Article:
Australian dress register ID:234
Owner:Manning Valley Historical Society
Owner registration number:Mosaic 3618
Date range:1930 - 1940
Place of origin:Wingham, New South Wales, Australia
This dress may have been worn by either Dorothy or Emily Mathers, sisters who were raised in a strong Methodist family and community. As spinsters, these ladies inherited their family dairy farm which was managed by Mr.Harold Barlin. Like other rural ladies of their generation, they spent their time doing handcrafts, keeping house for Mr Barlin, attending Bible study and contributing to their community.
This simple tailored black dress in lovely draping crepe de chine would have been practical to wear at community or church events during the day or evening by either of the ladies.
The cheaply manufactured plastic art deco pin is an interesting addition to the garment as it demonstrates the Miss Mathers 'awareness' of accessorising. It is well known that these ladies were never seen without their hats and gloves and some of the hats in our collection now provenanced to these ladies show their interest in following fashion trends.
I believe this dress demonstrates their interest in balancing being seen within the community as well dressed and fashionable with following the Methodist principles of frugality. The well made dress has been darned and worn through repeated wearing and the pin has been ingenuously repurposed.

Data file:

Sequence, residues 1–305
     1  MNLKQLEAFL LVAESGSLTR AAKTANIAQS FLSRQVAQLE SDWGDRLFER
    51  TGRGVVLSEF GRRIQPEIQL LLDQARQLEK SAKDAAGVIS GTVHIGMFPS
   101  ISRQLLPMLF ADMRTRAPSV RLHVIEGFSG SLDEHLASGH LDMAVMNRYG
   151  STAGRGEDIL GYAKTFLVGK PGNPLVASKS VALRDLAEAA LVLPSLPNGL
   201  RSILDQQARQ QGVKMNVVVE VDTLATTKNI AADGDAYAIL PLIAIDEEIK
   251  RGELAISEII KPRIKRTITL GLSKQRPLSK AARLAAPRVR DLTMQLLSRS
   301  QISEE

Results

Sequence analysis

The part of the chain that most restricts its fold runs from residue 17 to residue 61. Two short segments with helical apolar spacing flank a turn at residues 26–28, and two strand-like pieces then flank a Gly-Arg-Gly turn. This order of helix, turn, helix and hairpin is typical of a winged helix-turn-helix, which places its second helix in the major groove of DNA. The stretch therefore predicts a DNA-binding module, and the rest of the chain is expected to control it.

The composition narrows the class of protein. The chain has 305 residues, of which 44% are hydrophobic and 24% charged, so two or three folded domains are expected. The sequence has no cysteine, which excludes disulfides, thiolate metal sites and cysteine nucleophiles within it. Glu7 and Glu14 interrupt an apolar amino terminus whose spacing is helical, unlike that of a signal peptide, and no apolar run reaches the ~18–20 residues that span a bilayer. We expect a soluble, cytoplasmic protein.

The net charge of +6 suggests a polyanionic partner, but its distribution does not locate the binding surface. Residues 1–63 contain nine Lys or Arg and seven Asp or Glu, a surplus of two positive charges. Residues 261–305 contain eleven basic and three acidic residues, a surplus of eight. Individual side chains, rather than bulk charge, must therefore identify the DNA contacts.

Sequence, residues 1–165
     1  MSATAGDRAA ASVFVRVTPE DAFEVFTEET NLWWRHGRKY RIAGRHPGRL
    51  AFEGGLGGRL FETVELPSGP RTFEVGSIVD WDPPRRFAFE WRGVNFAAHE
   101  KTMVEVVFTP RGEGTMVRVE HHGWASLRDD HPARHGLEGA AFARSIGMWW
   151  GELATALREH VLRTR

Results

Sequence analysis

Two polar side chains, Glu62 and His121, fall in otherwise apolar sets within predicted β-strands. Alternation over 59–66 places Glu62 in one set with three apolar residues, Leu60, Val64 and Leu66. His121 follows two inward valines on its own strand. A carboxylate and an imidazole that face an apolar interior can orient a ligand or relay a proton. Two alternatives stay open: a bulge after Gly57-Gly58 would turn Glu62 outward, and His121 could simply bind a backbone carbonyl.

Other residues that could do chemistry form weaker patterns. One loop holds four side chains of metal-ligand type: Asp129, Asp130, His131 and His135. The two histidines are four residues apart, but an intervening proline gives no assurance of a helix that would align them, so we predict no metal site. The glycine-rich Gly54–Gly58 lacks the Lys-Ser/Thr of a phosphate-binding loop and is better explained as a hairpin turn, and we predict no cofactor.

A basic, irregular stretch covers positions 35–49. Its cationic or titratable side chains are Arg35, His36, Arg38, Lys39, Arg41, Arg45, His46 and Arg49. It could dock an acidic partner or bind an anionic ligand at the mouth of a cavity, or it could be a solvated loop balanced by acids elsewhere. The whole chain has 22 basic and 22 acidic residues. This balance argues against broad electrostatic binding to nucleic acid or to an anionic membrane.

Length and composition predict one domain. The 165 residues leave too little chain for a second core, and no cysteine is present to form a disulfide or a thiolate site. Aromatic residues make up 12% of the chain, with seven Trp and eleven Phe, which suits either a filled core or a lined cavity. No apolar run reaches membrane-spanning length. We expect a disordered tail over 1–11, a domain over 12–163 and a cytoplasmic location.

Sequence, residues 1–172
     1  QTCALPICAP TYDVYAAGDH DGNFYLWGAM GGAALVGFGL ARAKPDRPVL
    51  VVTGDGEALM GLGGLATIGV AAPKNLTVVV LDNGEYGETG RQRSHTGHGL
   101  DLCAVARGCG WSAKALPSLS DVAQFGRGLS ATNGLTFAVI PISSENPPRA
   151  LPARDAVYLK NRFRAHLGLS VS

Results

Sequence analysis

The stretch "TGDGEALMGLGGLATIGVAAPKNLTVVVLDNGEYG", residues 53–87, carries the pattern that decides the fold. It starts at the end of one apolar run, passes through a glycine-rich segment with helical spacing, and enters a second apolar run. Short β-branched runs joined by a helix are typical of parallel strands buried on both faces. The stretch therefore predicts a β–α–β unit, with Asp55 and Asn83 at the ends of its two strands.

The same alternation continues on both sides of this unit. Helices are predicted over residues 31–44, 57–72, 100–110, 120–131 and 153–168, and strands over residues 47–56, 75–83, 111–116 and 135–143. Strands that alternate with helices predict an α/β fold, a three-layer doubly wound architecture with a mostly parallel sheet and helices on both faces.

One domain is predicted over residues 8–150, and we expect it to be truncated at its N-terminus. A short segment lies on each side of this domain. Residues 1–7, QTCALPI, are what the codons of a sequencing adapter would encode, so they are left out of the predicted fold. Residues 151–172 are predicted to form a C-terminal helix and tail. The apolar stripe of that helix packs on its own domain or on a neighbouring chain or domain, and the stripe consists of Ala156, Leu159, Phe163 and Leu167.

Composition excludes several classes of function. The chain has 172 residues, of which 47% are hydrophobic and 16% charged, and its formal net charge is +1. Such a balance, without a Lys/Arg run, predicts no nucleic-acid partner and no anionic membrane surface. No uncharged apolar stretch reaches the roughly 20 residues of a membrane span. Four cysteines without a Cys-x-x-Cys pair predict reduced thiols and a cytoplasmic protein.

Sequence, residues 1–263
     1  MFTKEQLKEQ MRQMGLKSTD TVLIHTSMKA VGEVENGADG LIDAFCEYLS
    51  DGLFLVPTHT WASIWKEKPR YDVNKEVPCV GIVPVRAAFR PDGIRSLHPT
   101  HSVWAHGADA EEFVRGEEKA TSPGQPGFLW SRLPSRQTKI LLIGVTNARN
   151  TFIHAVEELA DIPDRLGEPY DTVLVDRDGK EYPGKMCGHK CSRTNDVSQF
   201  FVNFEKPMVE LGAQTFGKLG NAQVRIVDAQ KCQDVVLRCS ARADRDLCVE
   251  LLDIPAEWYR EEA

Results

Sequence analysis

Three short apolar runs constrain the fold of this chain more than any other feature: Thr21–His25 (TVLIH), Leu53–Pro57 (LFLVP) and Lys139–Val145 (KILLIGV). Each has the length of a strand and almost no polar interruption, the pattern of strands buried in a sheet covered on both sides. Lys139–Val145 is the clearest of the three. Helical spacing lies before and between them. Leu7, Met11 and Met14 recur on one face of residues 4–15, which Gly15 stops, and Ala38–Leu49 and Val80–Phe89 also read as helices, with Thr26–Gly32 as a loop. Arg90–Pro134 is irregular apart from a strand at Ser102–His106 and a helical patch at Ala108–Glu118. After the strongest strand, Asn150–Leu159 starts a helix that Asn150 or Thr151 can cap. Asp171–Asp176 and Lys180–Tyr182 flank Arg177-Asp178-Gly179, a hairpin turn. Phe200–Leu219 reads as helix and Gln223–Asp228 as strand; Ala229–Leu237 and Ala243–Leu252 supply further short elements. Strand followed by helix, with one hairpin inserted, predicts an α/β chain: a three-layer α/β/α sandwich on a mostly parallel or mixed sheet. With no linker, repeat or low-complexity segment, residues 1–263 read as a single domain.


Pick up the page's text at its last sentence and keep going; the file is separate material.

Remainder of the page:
This dress is a fine example of day wear for the 1930's period. Author: Marsha Rennie, 29th June 2011.
Simple shift style dress with low waist. The dress opens to the front with a detachable modesty panel in cream. This panel is secured at the back of the neck with a press stud. It is also secured at the neckline with a plastic art deco pin in black and silver. To ensure the pin does not slide free, a black thread has been bound repeatedly around the length of the pin with a stitch securing the pin on either side of neckline.
Two matching lace panels formed of piping made from the same fabric run from the neckline down to the waist. The same piped lace is inserted into panels on either side of the collar. Four pleats commence at knee level and run to the hemline. The back has 5 small pleats running from knee to hem. There is also 5 small pleats at the back of neckline.
The dress has long sleeves fastening at wrist with a press stud to produce a tapered form. At the head of the sleeve is two short rows of stitching which produce a gathered effect.
Under one armpit is a piece of machine stitched and over locked beige cotton fabric possibly used for sweat absorbency. Safety pins have been used to secure either side. The other is missing.
There is a belt and a simple covered oval buckle made from the same fabric.
History and Provenance
Births, deaths, marriages, children or family information
Dorothy E Mathers 1899-1992 and Emily Priscilla Mathers 1902-1989 were 2 of 3 daughters born to Charles (1861-1939) and Jane Mathers (1872-1945) (nee Evenden).